A little while ago, Danica Patrick, the first female NASCAR driver, retired. Now that she has some free time, let’s hire her for a special race. In it, she’ll drive a 10-year-old car, while I’ll be at the wheel of the 2018 version of the same car. If we did race, I doubt many people would bet money on me, even though I have the vastly better technology. But marketers in recent years have done something quite similar.

In recent years, they have invested heavily in technology. While tech spending peaked at 33 percent of marketing budgets in 2015, it should still be a healthy 22 percent in 2018 — or more than marketers spend on anything else. And that number is probably an underestimate. Businesses spent an astounding $1.2 trillion on digital transformation in 2017, over a third of which is classified as business services, which includes systems that support marketing.

In other words, this industry, once strongly associated with media and creativity, has fundamentally shifted its focus to tech and the customer experience.

Unfortunately, no one seems happy with the results. CMOs say the number of decisions informed by data has been nearly flat since 2012. A recent Wunderman survey of senior marketers found that while 74 percent of brands that have access to a full stack of integrated marketing tools, 68 percent can’t change their creative output based on data insights. No wonder 59 percent of executives in the survey are dissatisfied with their marketing investments, and in 2017 marketing budgets retreated to 11.3 percent of revenue, off their 2015 highs.

Maybe it’s time to focus more on the driver than the car and start building the teams, talent, and capabilities we need. But how?

1. Keep it simple

The rise of dynamic creative optimization, programmatic media, and targeting and attribution has created a false assumption that the most advanced capability is automatically the most effective. In theory, efficiency should drive down costs. In fact, it’s not. The average digital ad costs 12 percent more than it did in 2014, even though the average amount of time spent on websites was down 6 percent last year. Rising demand is a factor in this, but marketers are also paying a premium for advanced targeting. They need to ensure the gain is worth the pain and not be afraid to re-embrace reach and frequency in the digital space.

2. Commit to the relationship

The fragmentation of media and availability of creative resources has caused marketers to be more promiscuous than ever with agencies. But if brands want to realize the full capabilities of a technology stack, they need to build the team dynamics that make the most of it. They have to commit to creative and strategic relationships with both internal and external teams, giving them the stability they need to work together effectively.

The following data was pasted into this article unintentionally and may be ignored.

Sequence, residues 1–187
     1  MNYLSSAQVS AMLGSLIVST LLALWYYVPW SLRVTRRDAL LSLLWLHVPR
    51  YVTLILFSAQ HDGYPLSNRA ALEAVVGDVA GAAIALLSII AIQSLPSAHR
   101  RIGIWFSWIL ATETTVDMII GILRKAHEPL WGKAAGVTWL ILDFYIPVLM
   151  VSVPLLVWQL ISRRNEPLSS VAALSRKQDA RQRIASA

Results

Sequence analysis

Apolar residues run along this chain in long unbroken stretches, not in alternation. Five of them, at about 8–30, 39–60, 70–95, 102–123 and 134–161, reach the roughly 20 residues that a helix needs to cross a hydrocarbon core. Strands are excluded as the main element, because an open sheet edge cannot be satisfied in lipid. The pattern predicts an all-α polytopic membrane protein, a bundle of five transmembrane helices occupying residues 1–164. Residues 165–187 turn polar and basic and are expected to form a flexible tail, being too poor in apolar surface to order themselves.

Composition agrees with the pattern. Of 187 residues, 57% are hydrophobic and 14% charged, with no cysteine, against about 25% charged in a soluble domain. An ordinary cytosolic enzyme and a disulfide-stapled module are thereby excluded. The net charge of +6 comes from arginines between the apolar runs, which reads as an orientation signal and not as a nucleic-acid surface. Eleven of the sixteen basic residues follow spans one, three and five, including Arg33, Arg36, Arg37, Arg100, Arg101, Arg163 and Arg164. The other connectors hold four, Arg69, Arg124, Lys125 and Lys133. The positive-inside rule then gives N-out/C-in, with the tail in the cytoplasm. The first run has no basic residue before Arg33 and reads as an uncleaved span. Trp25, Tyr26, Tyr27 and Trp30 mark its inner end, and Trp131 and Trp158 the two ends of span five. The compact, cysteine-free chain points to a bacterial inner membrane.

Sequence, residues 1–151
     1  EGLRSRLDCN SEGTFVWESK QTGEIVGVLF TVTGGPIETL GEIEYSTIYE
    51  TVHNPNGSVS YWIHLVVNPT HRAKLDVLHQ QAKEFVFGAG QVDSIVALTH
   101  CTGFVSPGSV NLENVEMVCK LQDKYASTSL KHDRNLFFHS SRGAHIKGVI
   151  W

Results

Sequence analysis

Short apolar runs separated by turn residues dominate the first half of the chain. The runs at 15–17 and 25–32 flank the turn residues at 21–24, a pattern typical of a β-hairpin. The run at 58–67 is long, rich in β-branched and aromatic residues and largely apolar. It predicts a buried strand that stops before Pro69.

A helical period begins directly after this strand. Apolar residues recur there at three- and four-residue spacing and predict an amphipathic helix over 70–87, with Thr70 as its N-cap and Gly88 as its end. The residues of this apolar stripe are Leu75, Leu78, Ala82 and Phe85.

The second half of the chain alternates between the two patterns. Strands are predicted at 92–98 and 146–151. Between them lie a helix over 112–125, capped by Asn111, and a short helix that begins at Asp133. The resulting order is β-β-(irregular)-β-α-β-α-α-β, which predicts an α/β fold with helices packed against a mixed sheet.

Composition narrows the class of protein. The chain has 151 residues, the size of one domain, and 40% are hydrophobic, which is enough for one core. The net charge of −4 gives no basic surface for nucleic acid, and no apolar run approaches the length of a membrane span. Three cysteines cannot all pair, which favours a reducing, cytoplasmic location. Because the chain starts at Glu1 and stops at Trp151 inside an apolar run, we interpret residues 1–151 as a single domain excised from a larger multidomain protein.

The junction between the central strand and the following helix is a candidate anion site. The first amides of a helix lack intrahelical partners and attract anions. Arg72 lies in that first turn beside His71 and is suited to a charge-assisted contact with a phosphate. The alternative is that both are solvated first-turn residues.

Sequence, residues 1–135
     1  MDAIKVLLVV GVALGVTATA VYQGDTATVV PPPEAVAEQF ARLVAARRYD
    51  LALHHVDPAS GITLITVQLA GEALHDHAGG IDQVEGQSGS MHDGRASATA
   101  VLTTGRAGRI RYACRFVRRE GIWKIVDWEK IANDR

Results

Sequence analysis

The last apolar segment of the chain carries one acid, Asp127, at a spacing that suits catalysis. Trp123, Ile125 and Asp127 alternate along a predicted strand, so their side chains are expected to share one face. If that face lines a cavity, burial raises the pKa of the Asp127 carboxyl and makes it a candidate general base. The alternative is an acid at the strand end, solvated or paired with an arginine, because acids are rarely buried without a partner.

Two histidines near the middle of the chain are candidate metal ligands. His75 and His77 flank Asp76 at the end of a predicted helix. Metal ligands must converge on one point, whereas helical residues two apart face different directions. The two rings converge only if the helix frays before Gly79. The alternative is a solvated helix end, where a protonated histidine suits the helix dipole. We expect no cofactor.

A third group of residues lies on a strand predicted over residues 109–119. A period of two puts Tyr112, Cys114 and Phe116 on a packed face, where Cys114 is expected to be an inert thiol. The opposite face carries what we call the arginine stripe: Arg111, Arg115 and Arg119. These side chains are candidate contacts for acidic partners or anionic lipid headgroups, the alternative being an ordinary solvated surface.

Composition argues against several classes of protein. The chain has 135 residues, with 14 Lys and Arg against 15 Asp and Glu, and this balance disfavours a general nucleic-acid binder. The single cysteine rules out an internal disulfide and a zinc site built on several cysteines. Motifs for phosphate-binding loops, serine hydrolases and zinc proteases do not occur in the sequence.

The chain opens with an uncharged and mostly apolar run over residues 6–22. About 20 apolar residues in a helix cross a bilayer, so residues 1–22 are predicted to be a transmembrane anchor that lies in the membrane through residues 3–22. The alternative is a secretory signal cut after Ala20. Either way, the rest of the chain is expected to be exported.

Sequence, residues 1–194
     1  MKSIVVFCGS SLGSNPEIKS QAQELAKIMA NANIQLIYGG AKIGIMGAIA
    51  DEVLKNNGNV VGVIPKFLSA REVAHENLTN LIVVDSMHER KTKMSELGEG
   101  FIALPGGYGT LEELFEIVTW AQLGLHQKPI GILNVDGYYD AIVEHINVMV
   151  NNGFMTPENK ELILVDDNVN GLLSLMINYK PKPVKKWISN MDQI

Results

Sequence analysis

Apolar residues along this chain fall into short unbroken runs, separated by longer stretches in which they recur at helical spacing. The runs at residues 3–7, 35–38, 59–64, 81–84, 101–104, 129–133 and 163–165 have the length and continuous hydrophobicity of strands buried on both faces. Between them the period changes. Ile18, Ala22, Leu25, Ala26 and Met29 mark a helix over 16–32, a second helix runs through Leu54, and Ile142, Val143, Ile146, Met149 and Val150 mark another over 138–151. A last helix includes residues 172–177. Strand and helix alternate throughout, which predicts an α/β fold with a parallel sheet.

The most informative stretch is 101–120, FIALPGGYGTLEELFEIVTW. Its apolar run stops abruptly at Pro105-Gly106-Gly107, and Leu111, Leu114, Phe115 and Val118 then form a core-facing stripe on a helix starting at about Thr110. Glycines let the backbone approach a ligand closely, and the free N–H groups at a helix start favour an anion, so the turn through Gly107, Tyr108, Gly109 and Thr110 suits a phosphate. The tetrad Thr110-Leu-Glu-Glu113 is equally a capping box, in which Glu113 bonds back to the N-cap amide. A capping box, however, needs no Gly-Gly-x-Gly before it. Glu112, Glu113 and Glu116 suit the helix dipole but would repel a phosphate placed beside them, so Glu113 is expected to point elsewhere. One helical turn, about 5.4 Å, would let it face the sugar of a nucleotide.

3. Don’t let tech vendors off the hook

Agencies have long been associated with a bait and switch. Senior teams present big ideas to brands and then leave the execution to less experienced staff. Tech vendors often take a similar approach. They ensure that IT knows how to run the system, but never explain its capabilities to creative staff. Marketers need to hold their vendors’ feet to the fire and ensure they follow through with promises they made to socialize the capabilities to everyone. This means taking full advantage of boot camps, co-creation sessions, and everything else.

4. Get physical

The pros and cons of remote working environments is a topic for another day. But to make the most of technology investments, we need creative, strategy, and analytics staff to forge a common purpose in physical proximity to one another. This is not just practical but cultural too. Without a sense of team, people view their roles purely in the context of a task, and that impacts the ability of marketers to use data to inspire creativity.

5. Don’t replace vision with technology

At most companies, the marketing technology vision is led by someone with a technical background. Not surprisingly, they often fail to connect that vision to the creative and strategic decisions that inform the way people communicate with customers. For example, nearly every marketer is interested in AI and its potential to make marketing more intelligent, but they rarely discuss how that intelligence will drive creativity. Instead, creative staff needs to understand why things like these are important, and how their work can contribute to their success.

Put simply, it’s about the drivers, not the cars. While we’ve made great strides in technology, we’ve fallen behind in the skillsets and culture needed to make the most of it. While race car drivers do have some of the most advanced technology in the world, they’ve also spent their lives learning how to use it — and that’s what makes them successful.

Brandon Geary is Chief Strategy Officer at Possible.


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